An experimental gene therapy for genital and oral herpes removed 90% or more of the infection and suppressed viral shedding in pre-clinical studies, a new report shows.

Researchers at Fred Hutch Cancer Center who developed and tested the therapy published their findings in Nature Communications.

The experimental gene therapy involves injecting into the blood a mixture of gene editing molecules that includes a laboratory-modified vector plus enzymes that work like molecular scissors to snip away at the herpes virus’s genes to damage them or remove the virus entirely.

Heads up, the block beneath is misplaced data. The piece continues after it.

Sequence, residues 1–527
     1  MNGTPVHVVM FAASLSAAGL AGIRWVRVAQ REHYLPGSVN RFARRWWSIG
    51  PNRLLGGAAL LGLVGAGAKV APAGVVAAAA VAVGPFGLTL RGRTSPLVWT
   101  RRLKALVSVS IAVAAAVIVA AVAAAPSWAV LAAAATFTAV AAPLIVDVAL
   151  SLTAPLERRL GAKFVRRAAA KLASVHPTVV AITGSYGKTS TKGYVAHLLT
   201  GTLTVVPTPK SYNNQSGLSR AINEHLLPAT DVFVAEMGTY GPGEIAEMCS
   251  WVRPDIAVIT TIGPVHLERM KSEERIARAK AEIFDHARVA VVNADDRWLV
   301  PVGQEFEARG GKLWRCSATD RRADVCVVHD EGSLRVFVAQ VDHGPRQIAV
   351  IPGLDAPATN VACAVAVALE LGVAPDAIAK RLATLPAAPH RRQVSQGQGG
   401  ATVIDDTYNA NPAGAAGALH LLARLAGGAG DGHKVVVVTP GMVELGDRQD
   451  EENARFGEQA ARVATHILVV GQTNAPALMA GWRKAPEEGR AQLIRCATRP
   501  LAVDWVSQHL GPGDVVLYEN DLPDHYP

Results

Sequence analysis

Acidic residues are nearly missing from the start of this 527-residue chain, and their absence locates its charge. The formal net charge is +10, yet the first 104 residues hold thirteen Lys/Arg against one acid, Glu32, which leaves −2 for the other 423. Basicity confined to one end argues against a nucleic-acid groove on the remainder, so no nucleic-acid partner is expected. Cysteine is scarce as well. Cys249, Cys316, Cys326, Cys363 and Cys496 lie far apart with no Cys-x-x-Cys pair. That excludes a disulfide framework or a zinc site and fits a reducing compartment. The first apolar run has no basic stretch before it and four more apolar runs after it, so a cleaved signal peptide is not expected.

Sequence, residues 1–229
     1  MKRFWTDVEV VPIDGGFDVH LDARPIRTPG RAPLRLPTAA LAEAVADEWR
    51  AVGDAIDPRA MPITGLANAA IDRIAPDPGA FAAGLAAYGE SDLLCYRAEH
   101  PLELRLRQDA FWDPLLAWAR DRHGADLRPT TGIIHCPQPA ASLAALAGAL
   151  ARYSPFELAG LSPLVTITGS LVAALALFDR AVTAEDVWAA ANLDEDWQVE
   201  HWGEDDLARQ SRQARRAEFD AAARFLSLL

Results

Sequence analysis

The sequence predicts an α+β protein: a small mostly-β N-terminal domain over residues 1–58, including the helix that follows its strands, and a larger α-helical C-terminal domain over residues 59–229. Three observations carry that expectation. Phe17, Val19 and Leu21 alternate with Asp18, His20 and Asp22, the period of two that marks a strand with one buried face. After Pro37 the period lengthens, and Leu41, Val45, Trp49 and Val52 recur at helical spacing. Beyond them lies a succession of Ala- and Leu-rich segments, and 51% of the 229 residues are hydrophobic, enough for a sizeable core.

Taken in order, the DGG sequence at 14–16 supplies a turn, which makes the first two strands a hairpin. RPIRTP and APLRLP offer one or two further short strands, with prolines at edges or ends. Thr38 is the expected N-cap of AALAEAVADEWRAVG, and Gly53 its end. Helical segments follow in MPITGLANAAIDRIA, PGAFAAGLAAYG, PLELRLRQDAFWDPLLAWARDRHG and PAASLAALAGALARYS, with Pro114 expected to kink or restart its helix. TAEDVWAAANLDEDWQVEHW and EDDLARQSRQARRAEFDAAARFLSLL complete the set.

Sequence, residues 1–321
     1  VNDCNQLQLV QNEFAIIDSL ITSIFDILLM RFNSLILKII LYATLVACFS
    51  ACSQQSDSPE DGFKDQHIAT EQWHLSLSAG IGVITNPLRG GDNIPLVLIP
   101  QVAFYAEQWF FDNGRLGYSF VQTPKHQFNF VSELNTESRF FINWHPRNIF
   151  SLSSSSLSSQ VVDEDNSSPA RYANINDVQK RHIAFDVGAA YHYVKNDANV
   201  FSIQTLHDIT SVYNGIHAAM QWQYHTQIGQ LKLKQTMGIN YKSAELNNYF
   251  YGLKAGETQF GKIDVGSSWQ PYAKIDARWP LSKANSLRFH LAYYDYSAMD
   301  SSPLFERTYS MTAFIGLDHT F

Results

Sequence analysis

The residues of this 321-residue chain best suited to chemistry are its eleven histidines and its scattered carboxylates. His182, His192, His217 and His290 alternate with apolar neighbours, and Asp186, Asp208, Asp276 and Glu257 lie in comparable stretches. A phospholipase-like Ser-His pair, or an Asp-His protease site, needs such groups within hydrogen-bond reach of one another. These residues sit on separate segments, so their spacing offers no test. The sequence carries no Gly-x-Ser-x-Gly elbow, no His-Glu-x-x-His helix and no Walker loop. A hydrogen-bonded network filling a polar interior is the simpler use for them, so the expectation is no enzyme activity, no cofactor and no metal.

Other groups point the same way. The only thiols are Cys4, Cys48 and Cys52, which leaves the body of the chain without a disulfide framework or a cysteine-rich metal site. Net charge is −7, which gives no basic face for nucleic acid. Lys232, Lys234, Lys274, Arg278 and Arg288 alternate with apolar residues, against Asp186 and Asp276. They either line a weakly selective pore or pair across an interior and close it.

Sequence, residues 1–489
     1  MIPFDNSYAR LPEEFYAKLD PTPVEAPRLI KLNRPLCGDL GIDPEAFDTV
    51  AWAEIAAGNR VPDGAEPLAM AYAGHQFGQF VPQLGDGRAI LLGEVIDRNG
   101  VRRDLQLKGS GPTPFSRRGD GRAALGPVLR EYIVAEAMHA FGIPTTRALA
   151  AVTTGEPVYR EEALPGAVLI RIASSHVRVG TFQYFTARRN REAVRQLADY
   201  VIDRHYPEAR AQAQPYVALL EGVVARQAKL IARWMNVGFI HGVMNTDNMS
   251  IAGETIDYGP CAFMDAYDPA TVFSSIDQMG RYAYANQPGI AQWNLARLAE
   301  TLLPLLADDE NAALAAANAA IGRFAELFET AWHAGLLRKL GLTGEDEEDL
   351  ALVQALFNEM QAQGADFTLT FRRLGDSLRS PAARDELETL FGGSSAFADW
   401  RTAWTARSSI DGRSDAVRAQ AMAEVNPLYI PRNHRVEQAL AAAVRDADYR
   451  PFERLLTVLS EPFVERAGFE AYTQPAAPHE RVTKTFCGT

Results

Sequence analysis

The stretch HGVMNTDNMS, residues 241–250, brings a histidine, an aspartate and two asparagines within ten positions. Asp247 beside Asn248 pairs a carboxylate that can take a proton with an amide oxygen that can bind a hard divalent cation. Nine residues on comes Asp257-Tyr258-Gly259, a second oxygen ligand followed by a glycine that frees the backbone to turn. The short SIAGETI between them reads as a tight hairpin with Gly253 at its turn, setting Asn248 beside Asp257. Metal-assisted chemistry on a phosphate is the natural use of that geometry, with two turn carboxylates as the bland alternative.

“We are using a meganuclease enzyme that cuts in two different places in the herpes virus’s DNA,” says first author Martine Aubert, PhD, principal staff scientist at Fred Hutch. “These cuts damage the virus so much that it can’t repair itself. Then the body’s own repair systems recognize the damaged DNA as foreign and get rid of it.”

In mouse models of the infection, the experimental therapy eliminated 90% of herpes simplex virus 1 (HSV-1) after facial infection, also known as oral herpes, and 97% of herpes HSV-1 after genital infection. It took about a month for the treated mice to show these reductions, and the reduction of virus seemed to get more complete over time.

The team is also working on adapting the gene editing technology to target HSV-2 infections and eyeing human trials in the future.

The work was funded by the National Institutes of Health, the Caladan Foundation and more than 2,000 donors.